Australia’s ‘Black Elvis’: Songs of Aboriginal Heritage

Roger Knox, known to Australian fans as Black Elvis, sings Folk, Country, and Rock songs by Aboriginal artists in his newest album, Stranger in My Land. (album photo courtesy of Bloodshot Records)
Roger Knox, known to Australian fans as Black Elvis, sings Folk, Country, and Rock songs by Aboriginal artists in his newest album, Stranger in My Land. (album photo courtesy of Bloodshot Records)

On this weekend’s episode of National Geographic Weekend, host Boyd Matson interviews Aboriginal Australian Country & Western singer Roger Knox about his latest album Stranger In My Land. His Folk, Country and rock ‘n’ roll-hybrid songs were written by Aborigine artists – some handed-down over generations, but not widely sung. In our conversation, Roger shares why he loves country music’s ability to tell a story and how many people in Australia’s native populations balk at the concept of being “Australian”. Listen here.

Roger’s Australian fans have nicknamed him “Black Elvis”, but the rawness of Roger’s message bears reminders to the era of American folk protest songs of Pete Seeger. Knox’s lyrics describe an anger with the Australian government for their persecution of the Aboriginal peoples, and a love for the land that they lived on for thousands of years before European settlers colonized Australia.

The album’s title song, “Stranger In My Country,” describe the hard feelings after forced removals of Aboriginal peoples from their homeland. Roger tells Boyd, this song “tells how we see it. Not necessarily how other people see it for us.” Listen below:

 

 

Roger in the recording studio. (courtesy of Bloodshot Records)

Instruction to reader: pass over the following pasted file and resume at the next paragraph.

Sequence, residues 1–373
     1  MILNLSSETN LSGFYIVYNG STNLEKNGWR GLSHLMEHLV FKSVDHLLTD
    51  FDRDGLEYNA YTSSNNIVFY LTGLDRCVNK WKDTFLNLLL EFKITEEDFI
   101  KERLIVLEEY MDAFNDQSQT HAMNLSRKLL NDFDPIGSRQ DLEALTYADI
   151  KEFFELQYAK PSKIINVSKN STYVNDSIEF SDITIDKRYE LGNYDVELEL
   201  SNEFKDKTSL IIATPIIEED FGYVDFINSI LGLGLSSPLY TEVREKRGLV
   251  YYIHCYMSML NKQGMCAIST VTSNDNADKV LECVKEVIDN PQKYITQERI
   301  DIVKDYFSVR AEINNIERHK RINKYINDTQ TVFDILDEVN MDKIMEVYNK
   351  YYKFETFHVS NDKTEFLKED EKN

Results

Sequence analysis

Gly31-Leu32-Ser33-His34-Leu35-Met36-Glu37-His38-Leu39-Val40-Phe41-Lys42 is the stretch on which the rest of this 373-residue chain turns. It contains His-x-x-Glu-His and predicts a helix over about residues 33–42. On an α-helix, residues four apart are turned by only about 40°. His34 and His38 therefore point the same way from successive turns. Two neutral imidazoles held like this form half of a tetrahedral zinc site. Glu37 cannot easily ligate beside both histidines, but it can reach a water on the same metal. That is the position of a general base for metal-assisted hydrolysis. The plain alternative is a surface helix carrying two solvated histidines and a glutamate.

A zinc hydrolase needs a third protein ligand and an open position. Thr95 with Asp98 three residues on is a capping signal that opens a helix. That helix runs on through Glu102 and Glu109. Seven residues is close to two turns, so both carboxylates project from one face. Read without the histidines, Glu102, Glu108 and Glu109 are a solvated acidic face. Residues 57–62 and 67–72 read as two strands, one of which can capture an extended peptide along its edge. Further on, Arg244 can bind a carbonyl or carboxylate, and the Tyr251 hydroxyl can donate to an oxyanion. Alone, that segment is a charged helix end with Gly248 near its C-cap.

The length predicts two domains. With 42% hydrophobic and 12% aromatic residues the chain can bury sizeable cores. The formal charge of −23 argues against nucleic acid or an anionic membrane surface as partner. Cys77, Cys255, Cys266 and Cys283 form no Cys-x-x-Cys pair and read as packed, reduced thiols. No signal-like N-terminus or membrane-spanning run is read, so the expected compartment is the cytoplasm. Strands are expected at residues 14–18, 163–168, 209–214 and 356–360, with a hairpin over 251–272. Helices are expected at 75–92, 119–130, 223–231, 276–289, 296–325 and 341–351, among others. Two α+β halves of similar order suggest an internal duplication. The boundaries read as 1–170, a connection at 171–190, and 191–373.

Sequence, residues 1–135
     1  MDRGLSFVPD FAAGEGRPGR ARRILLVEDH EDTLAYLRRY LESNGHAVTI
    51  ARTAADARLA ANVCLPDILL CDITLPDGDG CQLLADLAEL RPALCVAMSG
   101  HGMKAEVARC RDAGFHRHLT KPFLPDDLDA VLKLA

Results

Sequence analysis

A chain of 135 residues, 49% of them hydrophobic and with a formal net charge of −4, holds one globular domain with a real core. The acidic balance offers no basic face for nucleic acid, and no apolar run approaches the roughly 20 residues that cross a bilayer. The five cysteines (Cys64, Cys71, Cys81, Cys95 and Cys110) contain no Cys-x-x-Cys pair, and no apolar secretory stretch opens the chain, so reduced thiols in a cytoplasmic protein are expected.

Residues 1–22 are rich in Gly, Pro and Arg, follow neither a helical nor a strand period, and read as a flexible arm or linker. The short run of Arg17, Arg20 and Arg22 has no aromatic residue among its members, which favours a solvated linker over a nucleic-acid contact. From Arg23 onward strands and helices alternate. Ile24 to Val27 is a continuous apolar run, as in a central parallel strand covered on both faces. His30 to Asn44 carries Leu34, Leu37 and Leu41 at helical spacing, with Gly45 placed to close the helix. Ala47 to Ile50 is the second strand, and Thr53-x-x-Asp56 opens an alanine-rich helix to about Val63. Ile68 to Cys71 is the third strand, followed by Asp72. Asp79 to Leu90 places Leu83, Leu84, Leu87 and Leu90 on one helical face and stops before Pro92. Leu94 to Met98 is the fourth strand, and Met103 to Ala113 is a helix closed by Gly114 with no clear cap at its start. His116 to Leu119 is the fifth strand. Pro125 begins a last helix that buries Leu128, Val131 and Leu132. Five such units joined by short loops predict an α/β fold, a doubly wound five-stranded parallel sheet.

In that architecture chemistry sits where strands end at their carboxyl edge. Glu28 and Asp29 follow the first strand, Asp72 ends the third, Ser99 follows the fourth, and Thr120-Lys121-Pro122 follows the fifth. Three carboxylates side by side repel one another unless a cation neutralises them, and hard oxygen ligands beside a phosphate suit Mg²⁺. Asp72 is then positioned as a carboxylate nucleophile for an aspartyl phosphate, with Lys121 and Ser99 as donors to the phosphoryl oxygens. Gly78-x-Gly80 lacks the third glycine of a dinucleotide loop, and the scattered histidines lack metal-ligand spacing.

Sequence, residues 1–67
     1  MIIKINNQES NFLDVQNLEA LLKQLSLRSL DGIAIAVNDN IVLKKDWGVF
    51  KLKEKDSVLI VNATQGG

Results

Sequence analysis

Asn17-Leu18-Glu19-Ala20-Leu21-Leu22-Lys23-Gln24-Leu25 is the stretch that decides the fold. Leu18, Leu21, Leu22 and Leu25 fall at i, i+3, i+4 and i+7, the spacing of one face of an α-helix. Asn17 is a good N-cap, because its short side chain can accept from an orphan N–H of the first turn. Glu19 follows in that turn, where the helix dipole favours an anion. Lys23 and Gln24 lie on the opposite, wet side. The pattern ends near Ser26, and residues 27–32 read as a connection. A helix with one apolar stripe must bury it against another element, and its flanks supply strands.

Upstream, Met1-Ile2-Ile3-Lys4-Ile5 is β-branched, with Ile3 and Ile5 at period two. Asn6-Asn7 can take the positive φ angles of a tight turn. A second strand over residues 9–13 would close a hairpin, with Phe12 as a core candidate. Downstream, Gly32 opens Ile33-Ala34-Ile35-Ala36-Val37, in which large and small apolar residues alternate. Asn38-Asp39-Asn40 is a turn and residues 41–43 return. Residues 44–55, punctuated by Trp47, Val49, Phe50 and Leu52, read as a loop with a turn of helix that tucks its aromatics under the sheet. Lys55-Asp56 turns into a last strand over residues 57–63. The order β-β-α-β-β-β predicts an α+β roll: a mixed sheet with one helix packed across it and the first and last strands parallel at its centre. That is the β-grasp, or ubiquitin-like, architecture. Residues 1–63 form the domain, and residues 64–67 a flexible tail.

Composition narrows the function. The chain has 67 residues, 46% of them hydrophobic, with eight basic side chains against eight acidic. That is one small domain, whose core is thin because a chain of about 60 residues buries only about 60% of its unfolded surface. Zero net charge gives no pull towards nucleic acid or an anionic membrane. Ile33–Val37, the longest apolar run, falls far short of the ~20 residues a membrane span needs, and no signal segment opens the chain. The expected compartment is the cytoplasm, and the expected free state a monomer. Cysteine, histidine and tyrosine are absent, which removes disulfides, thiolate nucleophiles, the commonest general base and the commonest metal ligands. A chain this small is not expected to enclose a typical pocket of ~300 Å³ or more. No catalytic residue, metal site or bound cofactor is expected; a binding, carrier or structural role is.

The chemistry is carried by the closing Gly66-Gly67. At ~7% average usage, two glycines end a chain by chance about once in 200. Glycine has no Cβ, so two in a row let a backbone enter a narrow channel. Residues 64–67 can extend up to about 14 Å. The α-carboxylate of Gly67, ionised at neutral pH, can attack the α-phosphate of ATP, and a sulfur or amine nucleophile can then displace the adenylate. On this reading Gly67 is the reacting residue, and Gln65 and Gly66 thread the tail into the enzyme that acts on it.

Roger in the recording studio. (courtesy of Bloodshot Records)

A softer, sadder tune describes the Australian government’s policy of forcefully removing Aboriginal children from their parents in an effort to assimilate the Aboriginal children to the European-Australian culture. “Took the Children Away”, is a song close to Roger because his own mother was taken from her parents at eight months old. He says his mom found her way back home when she was 18 years old, but, like many others who returned to their Aboriginal families, it was a struggle because she no longer knew the Aboriginal songs, stories and traditions.

Not all of the album’s melodies, however, tell stories of Aboriginal hardship. Some songs praise Australia’s landscape and wildlife. The song “Arafura Pearl” boasts of the beauty in the northern town of Darwin. Listen below:

Stranger in My Land shares what life is like belonging to an endangered culture through its range of musical styles and emotions. To see and hear more of Roger’s storytelling, check out this video from Bloodshot Records where he explains the pride he has for his people or visit the album website.

Gina Cook is an intern for the weekly radio program National Geographic Weekend. She is a graduate student studying multimedia journalism at the University of Missouri.

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